Sunday, October 16, 2011

Fave films: 1920s

It's time for some more lists. Films: in chronological order, initially by decade, then when we get into my era, by half-decade. I'm going to skip 1895-1920. Apart from Méliés, it was all pretty unsophisticated stuff until the 1910s when Charlie Chaplin, DW Griffith, Mary Pickford and Abel Gance entered the fray. I have a soft spot for Chaplin having produced a small exhibition on his life 20-odd years ago and still love The Immigrant. 

But let's move on to the 1920s, when things got more interesting. Here are my top 15:

- The Cabinet of Dr Kaligari (Wiene)
- The Kid or The Gold Rush - can't decide (Chaplin)
- Way Down East (Griffith)
- Haxan (Christensen)
- The Thief of Baghdad (Fairbanks)
- Nanook of the North (Flaherty)
- Safety Last (Lloyd)
- Battleship Potemkine (Eisenstein)
The General (Keaton)
- Metropolis (Lang)
- The Unknown (Browning)
- Sunrise (FW Murnau)
- Pandora's Box (Pabst)
- Un Chien Andalou (Bunuel/Dali)
- Blackmail (Hitchcock)

If I'm honest, I've probably only seen around 30 films total from the decade but most of these have been great. Most of the above list is pretty obvious, although I'm surprised by the lack of Hollywood and the heavy (er, pretentious?) lean towards Europe.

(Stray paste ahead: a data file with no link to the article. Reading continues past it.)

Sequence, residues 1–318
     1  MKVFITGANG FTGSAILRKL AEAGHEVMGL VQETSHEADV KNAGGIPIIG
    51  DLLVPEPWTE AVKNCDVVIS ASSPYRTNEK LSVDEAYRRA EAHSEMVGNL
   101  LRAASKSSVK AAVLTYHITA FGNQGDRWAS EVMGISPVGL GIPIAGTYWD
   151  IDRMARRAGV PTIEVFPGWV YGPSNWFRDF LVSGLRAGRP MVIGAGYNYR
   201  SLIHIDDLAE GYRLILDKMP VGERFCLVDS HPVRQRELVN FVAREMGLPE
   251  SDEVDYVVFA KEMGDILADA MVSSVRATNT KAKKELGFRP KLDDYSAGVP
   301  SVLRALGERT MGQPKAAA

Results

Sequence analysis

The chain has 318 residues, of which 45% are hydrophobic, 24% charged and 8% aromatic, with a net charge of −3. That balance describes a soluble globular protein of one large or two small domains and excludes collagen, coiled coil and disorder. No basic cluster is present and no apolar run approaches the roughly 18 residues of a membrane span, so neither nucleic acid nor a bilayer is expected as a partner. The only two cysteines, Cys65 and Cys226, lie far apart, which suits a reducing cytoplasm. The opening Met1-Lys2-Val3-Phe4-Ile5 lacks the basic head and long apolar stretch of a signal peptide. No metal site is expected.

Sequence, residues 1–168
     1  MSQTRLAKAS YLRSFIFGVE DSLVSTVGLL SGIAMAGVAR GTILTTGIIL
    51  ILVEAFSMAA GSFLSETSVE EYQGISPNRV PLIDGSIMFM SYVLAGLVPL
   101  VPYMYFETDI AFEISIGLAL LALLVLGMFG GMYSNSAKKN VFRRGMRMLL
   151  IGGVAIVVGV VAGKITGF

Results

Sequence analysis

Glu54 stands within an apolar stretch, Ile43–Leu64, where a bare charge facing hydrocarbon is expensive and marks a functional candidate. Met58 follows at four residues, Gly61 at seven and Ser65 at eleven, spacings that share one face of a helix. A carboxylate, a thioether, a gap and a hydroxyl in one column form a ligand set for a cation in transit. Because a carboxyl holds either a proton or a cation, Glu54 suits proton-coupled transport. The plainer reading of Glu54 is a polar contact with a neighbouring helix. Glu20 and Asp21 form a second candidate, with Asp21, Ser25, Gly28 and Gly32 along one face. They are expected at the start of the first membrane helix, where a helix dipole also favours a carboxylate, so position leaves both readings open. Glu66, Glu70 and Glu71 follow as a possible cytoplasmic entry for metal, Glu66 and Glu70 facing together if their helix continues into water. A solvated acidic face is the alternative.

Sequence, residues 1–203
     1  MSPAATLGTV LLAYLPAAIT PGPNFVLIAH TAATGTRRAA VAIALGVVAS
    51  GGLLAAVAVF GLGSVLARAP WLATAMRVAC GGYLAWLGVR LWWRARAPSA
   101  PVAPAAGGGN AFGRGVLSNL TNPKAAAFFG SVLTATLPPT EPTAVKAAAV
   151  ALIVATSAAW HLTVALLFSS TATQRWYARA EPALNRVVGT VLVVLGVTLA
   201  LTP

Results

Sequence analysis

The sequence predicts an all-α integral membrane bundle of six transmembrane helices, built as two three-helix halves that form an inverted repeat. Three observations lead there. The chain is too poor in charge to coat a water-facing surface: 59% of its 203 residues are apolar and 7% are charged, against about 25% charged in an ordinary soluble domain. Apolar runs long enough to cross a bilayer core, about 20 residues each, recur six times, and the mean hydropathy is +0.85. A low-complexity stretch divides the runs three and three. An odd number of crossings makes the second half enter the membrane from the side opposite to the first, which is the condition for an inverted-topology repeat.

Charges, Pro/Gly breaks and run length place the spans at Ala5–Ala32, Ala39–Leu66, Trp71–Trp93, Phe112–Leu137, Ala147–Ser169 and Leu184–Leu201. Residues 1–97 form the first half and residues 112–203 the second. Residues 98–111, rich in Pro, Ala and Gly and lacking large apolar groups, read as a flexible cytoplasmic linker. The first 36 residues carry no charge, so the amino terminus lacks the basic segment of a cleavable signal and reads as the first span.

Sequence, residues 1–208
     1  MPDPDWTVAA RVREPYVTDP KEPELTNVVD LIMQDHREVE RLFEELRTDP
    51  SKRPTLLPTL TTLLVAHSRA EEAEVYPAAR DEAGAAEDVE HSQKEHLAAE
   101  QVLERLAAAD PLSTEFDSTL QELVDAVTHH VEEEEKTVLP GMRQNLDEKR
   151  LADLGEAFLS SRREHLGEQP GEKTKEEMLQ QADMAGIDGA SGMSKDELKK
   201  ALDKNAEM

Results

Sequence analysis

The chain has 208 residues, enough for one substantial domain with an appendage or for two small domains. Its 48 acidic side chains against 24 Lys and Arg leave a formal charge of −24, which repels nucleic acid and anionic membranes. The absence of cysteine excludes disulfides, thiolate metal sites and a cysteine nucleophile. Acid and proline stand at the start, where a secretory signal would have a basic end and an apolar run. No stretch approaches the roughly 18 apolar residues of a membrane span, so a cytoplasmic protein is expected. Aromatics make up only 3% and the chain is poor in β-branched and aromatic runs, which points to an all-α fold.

I could have added Cecil B De Mille's The Ten Commandments; Murnau's Nosferatu and Faust; Rene Clair's dadaist Entr'acte or Germaine Dulac's surrealist The Seashell and the Clergyman; Ruttman's  Berlin: Die Sinfonie der Großstadt (seen just a few weeks ago), Fritz Lang's Dr Mabuse; the first talkie,The Jazz Singer; Lillian Gish in The Wind; Asquith's Underground; Hitchcock's earlier Lodger; Vertov's The Man with a Movie Camera; Dreyer's The Passion of Joan of Arc; or any number of early Garbo films. And if I was a proper film buff, I'd have to add Abel Gance's Napoleon, but actually I've never seen it.

I'd say the majority were seen in either a cinema or on DVD, but also a fair few in concert halls with new scores played live: eg John Cale (The Unknown) on the South Bank in London, Michael Nyman (The Man with a Movie Camera) in Tokyo, FM3 (...Berlin) in Beijing, etc.

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